I got up and went to the kitchen. (The News Clown, 253)
Garcia manages to effectively identify the numerous ideologies that populate the American social environment and expose them by making them hyper-real and truly monstrous. For instance, his treatment of the language of journalism is spot-on in its vacuity and simple sensation-mongering. In a cross-genre gesture, the novel often includes newspaper columns supposedly written by the narrator, and it is enjoyable to read Thor’s stories first as related by himself, and then mediated through the news columns he publishes for the News Now Network. The absurdity of modern-day journalism is really pushed into the forefront and provides a type of over-arching theme. In a recent interview Garcia himself has voiced the opinion that journalists are simply “stenographers for the police state” and the novel goes out of its way to drive this notion home. The language of the news clippings is completely incapable of relating the complex reality of the brutal crimes that happen in Bay City, and Garcia plays with this discrepancy extensively.
On a political level, this novel is a slap in the face of mainstream media, and a direct attack on their role as herders of the status-quo, ‘business as usual’ mentality. Although Garcia has voiced contentious views on American politics, views which may loosely be dubbed as a type of enlightened conspiracism, his treatment of the politico-media complex is admirable in its scope as well as in its veracity. What bides very well for the text is that all these grave themes remain completely implicit in the narrative, and Garcia never indulges in pontificating. Indeed, Thor the narrator essentially loves the cesspool that is Bay City, or at least attempts to accept the American landscape as it is and without any deeper scorn or judgment. He wafts through the surreal happenings only as a type of scribe, a walking recorder of the post-post-modern, post-sane Americana.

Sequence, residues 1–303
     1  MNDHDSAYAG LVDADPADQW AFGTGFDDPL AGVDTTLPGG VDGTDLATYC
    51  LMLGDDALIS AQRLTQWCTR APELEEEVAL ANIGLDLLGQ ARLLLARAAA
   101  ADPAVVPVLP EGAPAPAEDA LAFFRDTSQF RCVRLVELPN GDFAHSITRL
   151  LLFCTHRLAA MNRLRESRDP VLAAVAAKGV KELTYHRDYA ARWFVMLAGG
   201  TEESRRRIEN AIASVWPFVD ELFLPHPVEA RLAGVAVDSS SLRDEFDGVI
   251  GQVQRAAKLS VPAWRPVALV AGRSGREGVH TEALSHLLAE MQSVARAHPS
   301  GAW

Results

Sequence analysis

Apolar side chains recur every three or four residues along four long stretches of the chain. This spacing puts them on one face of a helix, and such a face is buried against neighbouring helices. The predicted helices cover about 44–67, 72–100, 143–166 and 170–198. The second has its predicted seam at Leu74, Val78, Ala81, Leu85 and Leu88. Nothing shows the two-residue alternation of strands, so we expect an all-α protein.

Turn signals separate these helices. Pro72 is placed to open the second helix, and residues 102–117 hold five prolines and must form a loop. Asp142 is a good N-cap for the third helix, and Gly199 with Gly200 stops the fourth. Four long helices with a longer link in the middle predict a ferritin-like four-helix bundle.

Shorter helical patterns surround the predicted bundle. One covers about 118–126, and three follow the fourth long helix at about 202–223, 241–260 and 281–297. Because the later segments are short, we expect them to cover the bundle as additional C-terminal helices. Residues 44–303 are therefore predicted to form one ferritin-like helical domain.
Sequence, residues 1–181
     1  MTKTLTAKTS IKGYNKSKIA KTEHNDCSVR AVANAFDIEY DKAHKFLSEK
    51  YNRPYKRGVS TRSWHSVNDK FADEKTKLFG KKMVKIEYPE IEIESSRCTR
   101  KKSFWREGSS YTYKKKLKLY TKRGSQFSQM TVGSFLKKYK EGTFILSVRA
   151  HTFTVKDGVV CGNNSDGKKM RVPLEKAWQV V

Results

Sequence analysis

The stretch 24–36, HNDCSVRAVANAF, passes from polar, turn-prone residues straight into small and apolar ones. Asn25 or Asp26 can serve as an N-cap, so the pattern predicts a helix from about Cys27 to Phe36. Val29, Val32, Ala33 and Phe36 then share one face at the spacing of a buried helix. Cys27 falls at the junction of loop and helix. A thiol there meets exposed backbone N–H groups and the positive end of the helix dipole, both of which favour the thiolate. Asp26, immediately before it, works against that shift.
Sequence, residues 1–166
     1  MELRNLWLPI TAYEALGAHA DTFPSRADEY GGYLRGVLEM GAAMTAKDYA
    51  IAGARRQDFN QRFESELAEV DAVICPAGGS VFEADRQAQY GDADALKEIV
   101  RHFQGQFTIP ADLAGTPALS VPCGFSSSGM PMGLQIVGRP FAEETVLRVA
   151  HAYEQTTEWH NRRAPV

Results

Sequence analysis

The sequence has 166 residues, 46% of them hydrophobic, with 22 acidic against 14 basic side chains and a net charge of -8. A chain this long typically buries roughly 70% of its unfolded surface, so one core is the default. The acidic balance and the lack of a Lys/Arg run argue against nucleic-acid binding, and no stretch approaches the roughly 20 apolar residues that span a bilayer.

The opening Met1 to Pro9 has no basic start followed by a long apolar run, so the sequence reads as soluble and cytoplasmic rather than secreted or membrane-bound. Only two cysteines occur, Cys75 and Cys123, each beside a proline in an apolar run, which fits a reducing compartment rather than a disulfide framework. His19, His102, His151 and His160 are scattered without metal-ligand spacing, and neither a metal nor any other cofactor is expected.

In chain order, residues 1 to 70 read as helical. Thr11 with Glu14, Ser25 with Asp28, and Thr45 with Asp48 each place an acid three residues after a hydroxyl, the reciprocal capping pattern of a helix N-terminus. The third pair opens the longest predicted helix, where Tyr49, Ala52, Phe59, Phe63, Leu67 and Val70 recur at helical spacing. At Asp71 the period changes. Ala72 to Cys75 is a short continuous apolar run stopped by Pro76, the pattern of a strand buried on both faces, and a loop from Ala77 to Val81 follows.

The novel occasionally slips into auto-pilot, with the described events soon seeming similar to one another: booze, a girl work, booze, buddy time, booze, work… There is essentially no plot development, and Thor seems to be banished to some sort of digital-age limbo. As a character, he is completely shallow, and is not fleshed out in the least. Garcia seems to skirt the borders of a more psychological take on his characters, but quickly flinches away when things start getting more introverted, and does not explore these tendencies to any real depth. He does wander into a type of personal zone on occasion (as when Thor goes to visit his father at a rehabilitation center for alcoholics) but these incidents are episodic, and have no real impact on the narrative as a whole, which steadfastly drags on in its lush, fast-paced style of narration. Garcia transposes the theme of consumerism, shallowness, and vacuity into the very style of the narrative itself, and in this way the text becomes self-referential. For better or worse.
The News Clown sheds a stark light on the American reality without trace of any cheap sentiment. Although it is preoccupied with social politics, the theme is tackled without any feigned intellectualism. Garcia rather offers a satirical and sardonic view of the American reality. In a recent interview Garcia voiced a disdain for writers such as David Foster Wallace and Dave Eggers for their sentimentality and their “bloated” style; the lucid and flowing style of The News Clown shows that he can walk the walk as well.